But simultaneously, he started reverting to baby talk. “Mi-mi. Play—ith—car.”  And the screaming fits never went away. Sometimes he cried a lot. He was frustrated. Terribly frustrated when other kids played with his toys, when he had to wait, when he couldn’t get his way. He didn’t like being alone.

If there was a name for what was going on, his mother thought, it would be something like Sensory Stimuli Disorder. He was so driven. Sometimes she wondered if he could help himself. Sometimes she knew he couldn’t.

Later she found out that there really is a Sensory Processing Disorder, a lump term for the kids who are (1) hyper-sensitive, (2) hypo-sensitive, or (3) sensory-seeking. She began reading about this, and she and her husband took their son for an evaluation, weary of learning everything the hard way, on their own with so much error—an evaluation first with the family doctor, then with a Christian psychologist, then with a state program in town and a wonderful lady—Barb Newcamp, with Head Start/ Early Intervention. But the journey was just beginning.

Sensory did seem to be the thing, a neurological craving for sensation, so his mom and dad started exploring, learning, praying. But they have found no easy answers.

And the story has no end because he is still four…

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11 years ago

I love that guy! You are a brave lady!

11 years ago

Some of this really rings true– especially the parts about being highly stimulated by people and crowds. And the constant motion. And absolutely no fear. Some other things I can’t really identify with; for example, Miguel isn’t reading or showing signs of extra-intelligence but is at a fairly normal intellect for preschool age (although he has an uncanny memory of stories, movie lines, and ability to imitate accents, voices, etc) However, he never showed much signs of intended violence or destruction toward objects or children, they were usually just in the way of his incessant hurry. Also, he was extremely mobile and active as a child, walking and climbing young and showing good motor skills, which I understand is not typical of SPD? Also, Miguel had, and still does, have marked traits of OCD in the way he needs things put back in their place, cleaned up, and extreme attention to details of routine and repetition, which you don’t mention.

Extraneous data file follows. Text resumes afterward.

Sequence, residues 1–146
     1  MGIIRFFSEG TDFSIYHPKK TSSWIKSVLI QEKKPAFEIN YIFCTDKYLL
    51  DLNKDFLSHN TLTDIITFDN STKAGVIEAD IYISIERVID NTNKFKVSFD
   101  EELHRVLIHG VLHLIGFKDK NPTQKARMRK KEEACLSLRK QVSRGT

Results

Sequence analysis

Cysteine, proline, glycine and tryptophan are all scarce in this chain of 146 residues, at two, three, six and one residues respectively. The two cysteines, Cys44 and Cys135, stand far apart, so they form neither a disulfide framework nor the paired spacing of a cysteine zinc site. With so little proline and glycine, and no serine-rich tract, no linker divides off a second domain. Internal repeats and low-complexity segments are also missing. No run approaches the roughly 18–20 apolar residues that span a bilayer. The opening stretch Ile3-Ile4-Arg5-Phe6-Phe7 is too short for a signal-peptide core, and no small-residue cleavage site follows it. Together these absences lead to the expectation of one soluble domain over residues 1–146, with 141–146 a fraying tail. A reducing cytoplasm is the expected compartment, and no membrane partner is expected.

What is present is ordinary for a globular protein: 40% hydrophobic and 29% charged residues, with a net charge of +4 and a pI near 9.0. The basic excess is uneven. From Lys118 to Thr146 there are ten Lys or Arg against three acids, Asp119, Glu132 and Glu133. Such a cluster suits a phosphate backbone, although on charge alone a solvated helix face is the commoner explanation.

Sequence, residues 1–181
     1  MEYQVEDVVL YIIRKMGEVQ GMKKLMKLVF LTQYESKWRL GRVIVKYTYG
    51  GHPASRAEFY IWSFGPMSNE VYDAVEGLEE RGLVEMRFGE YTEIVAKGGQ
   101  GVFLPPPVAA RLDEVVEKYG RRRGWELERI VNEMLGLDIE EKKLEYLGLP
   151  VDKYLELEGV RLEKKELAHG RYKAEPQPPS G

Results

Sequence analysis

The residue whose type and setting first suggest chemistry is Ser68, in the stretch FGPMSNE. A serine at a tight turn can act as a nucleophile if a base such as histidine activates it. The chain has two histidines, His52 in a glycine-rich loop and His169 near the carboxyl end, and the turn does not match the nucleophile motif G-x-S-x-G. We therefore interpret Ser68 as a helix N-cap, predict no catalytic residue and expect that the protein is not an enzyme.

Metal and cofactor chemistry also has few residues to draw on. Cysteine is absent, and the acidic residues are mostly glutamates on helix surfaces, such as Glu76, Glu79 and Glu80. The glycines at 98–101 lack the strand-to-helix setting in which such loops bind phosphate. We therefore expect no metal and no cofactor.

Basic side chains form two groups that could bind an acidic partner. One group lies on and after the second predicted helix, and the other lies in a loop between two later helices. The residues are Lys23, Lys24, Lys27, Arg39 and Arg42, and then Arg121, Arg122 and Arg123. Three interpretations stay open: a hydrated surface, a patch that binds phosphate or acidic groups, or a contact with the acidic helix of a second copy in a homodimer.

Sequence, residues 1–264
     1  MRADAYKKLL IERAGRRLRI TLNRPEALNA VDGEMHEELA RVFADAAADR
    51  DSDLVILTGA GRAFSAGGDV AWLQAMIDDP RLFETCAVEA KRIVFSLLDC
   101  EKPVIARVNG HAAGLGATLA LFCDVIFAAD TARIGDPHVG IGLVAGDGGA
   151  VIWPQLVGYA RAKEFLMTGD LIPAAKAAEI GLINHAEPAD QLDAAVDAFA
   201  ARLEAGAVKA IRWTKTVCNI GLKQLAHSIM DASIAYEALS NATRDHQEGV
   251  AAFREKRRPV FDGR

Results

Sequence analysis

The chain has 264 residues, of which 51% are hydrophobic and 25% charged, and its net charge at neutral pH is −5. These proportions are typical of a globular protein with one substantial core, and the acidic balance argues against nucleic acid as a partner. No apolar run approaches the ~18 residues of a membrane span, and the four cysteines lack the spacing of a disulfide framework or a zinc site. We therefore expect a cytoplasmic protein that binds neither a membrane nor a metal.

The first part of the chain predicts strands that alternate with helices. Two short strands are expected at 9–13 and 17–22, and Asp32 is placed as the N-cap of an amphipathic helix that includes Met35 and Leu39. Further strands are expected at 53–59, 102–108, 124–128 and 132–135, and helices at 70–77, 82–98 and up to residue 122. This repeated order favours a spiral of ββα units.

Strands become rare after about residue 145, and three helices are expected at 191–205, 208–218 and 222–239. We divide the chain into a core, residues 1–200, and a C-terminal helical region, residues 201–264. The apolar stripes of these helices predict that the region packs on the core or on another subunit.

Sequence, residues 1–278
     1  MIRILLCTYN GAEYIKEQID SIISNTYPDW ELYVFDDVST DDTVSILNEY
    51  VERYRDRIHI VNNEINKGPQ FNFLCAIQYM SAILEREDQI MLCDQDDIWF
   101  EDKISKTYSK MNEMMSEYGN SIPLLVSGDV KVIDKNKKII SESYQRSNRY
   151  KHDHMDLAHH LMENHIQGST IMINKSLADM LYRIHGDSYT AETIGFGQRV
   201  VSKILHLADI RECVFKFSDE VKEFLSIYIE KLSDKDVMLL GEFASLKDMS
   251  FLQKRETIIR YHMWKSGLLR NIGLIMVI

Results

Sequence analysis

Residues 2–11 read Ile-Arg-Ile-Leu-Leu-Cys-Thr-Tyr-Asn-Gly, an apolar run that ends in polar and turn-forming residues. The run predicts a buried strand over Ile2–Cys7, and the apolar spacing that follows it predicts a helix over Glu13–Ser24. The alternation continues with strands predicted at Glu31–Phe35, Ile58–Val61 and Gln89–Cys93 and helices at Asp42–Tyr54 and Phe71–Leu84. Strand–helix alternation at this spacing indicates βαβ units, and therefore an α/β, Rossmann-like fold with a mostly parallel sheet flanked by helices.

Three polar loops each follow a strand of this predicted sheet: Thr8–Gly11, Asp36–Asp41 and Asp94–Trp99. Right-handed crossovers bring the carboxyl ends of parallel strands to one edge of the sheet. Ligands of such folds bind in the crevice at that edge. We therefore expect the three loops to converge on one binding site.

But the frustration…. the anger… the helplessness of dealing with a child who just seems “too much” for both himself, his parents, and others to take. The constant seeking of “what works”… and feeling utterly defeated when consistency brings no better results than trying all sorts of new methods of restraint and discipline.
At four and a half, Miguel has improved, greatly. In many ways we look back at how he used to be, and think: wow. We can function now. We can go places, visit people, without traumatizing ourselves and them. But I don’t think I realized how difficult our journey with Miguel was as a toddler and beyond until we had our second child and saw what “most” children are probably like. At 2, Miguel was at his worst. At 2, Julie pretty much fits the mold of average two year old, maybe even more placid and laid-back than most.
Much grace to you, and I would love to talk to you sometime… In the meantime, I’m going to read more about SPD, and perhaps be more enlightened about issues regarding our own dearly beloved, but oh-so-trying-at-times son…
I pray for you as I sit here. Because I know.

11 years ago

“Sometimes he cried a lot. He was frustrated. Terribly frustrated when other kids played with his toys, when he had to wait, when he couldn’t get his way.”
I read it the first time, but it didn’t sink in until now… all of those are completely true of Miguel. To a T.
Then I read “He didn’t like being alone.” Which threw me back into the confused camp, because our son loves being alone (When he was smaller, we suspected autism for a short time because he would always grab a few favorite toys and head for an isolated corner to play alone in, creating his own small world). This has improved as he grows older and his social circle expands, but he is still often found doing his own thing even when other children are present.
I’m just thinking out loud. It would probably be more helpful for me to just be quiet now and process things and discuss it with you sometime at ladies’ group this fall @ Rach’s??
Still praying for you… 🙂

11 years ago
Reply to  Peg

Thanks for responding, Peg. I’d love to talk sometime. I hear in you the same quest for answers, though maybe you are beyond some of it. For what it’s worth, I’m guessing the frustration I described in Regan is probably pretty typical of many kids with a disorder/problem of some kind, not only SPD.

Beyond that, I don’t know. It’s been helpful for us not to rule out a diagnosis just b/c it doesn’t ALL fit. (Maybe it never will?) Every child is so different–besides any disorder, you also have their own nature, personality, and all that…